Monkey Swallows the Universe / Hyacinth House @ The Social, 26 March 2007

Friday, 30 March 2007, 12:23 | Category : Uncategorized
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Anyone who knows this blog will know of my love for The End of the Road Festival. But it’s not just a festival. Luckily for us Londoners, the organisers also put on monthly gigs at The Social which both provide the capital with a dose of fine new bands, and possibly give a sneak preview for some of the artists who may be gracing the stages at Larmer Tree Gardens in mid-September.

The residency started in January, but Monday was the first night I was able to make it down (shame, as last month featured Loney, Dear). It’s been a long time since I’ve been to The Social and I’ve forgotten what an odd venue it is. On the plus side it’s a fine bar, and has the small-venue intimacy I always prefer. But live music seems to have been an afterthought. The stage is encroached by concrete table-booths, the room is very long and thin, and you have to brush past the drummer on the way to the loo!

These things aside, it’s the quality of the music that counts, and on Monday there was plenty of that. I had never heard of Hyacinth House before, so when I walked in to see the big grizzly guy on stage I was at first intrigued, then won over by their brand of woozy Americana – which takes in Laurel Canyon, the atmospheric mid-West, and even the Appalachians.

For band with the same name as a Doors song, they’re not rubbish, and given their music, they’re not American. Hyacinth House is actually two hairy, affable Swedish brothers – Mack (guitar) and Fredrik (harmonica, banjo). Midway through their set Mack suggests “Maybe we’ll fuck you up a little bit now”, but they’re never likely to do that. Their bend of Neil Young and bluegrass is hardly going to rock The Social’s foundations. Neither would I want it to. It’s fine as it is.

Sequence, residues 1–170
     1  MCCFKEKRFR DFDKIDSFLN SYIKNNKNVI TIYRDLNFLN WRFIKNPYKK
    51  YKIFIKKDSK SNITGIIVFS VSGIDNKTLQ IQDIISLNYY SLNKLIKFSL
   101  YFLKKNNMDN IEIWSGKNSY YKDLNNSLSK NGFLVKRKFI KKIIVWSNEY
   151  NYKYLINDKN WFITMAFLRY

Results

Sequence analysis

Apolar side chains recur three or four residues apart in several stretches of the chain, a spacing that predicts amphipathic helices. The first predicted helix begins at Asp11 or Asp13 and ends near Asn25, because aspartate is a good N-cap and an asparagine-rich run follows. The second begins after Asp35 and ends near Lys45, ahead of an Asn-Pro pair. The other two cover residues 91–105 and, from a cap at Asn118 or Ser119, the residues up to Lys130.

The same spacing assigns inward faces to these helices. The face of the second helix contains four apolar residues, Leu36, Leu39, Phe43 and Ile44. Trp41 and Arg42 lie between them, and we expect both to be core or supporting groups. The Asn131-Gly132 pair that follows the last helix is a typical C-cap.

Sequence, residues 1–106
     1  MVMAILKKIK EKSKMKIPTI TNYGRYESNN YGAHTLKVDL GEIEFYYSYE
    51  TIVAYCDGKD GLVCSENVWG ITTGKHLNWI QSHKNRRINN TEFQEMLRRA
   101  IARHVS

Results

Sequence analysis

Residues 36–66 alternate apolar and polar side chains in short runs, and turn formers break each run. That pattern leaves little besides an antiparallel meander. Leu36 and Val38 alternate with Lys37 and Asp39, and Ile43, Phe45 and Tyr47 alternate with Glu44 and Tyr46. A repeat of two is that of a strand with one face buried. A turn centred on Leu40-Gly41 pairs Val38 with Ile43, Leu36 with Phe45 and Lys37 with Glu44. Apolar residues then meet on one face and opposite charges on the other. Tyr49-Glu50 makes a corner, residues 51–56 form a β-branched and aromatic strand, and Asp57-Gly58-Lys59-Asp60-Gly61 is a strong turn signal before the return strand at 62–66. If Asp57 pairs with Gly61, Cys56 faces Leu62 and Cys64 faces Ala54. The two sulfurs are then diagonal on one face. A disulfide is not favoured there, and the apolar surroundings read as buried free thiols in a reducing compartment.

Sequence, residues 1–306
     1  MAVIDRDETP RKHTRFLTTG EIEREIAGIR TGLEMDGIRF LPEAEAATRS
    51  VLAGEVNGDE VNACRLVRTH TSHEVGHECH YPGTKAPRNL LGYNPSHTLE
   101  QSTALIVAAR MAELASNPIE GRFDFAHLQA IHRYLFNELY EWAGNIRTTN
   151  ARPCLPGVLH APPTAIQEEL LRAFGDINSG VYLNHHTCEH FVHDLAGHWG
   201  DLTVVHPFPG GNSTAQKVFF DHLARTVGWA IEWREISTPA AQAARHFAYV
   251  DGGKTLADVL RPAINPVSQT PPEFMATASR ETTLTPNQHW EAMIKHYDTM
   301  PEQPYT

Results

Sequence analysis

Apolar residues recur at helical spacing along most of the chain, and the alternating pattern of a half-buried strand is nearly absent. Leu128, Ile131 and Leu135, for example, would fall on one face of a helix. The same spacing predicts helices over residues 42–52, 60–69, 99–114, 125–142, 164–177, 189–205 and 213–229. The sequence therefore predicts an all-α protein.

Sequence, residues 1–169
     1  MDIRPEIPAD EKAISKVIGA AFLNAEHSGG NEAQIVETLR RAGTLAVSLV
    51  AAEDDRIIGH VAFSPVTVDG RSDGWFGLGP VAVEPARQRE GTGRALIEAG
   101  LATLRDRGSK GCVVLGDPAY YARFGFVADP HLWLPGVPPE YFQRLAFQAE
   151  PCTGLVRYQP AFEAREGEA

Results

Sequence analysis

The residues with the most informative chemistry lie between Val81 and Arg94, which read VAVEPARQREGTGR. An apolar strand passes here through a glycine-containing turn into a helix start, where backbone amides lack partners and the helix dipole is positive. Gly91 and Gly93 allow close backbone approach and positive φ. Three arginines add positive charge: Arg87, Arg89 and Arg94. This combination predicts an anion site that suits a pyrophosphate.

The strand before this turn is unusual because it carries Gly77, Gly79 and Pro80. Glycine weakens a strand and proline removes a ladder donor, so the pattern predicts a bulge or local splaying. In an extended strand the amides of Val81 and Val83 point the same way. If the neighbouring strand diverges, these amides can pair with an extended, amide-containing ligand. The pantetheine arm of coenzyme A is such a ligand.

Download: Hyacinth House – Ghost Town

Buy their self-titled debut album from CD Baby

Headliners Monkey Swallows the Universe aren’t going to be fucking anyone up either. You know that when one of their number comes onstage and steps up to the mic brandishing a recorder. Plus their indiepop is too sweet and their demeanour a little too shy for acts of hardness. But again, they’re fine the way they are.

The band was formed by Singer Nat Johnson and guitarist Kevin Gori in 2004, and expanded to a five-piece in 2005. They released their debut album The Bright Carvings last year to some acclaim (it made the highly-regarded Rough Trade top 100 albums for 2006). And it seems they already have a bit of a fanbase. “How many times have you seen the Monkeys” I overheard a guy next to me asking. The answer was multiple. Then there were the repeated cries of “Jimmy!” after ‘The Monkeys’ finished their set. This turned out to be a cheery little song called Jimmy Down the Well, which rounded off the evening nicely.

Before that they had played a set of charming and tuneful indie-pop, with the classic ingredients of violin, cello, recorder and glockenspiel to add to their acoustic guitars and drums. They kept announcing new songs, though almost all of them were new to me. Particular highlights were Florence (a mere b-side) and main set closer Elizabeth and Mary, which fuzzed up the guitar sound a bit and provided a better showcase for the quality of Nat’s voice than their other songs.

On the evidence of this gig, and the acts already selected for the festival, the EOTR organisers are people with impeccable taste. I’ll certainly be back to the Social for more.

Download: Monkey Swallows the Universe – Florence
Download: Monkey Swallows the Universe – Jimmy Down the Well

Buy The Bright Carvings from Rough Trade.

I have a few more photos at my Flickr.

MTSU release their new single Little Polveir on Loose Records on 16 April.

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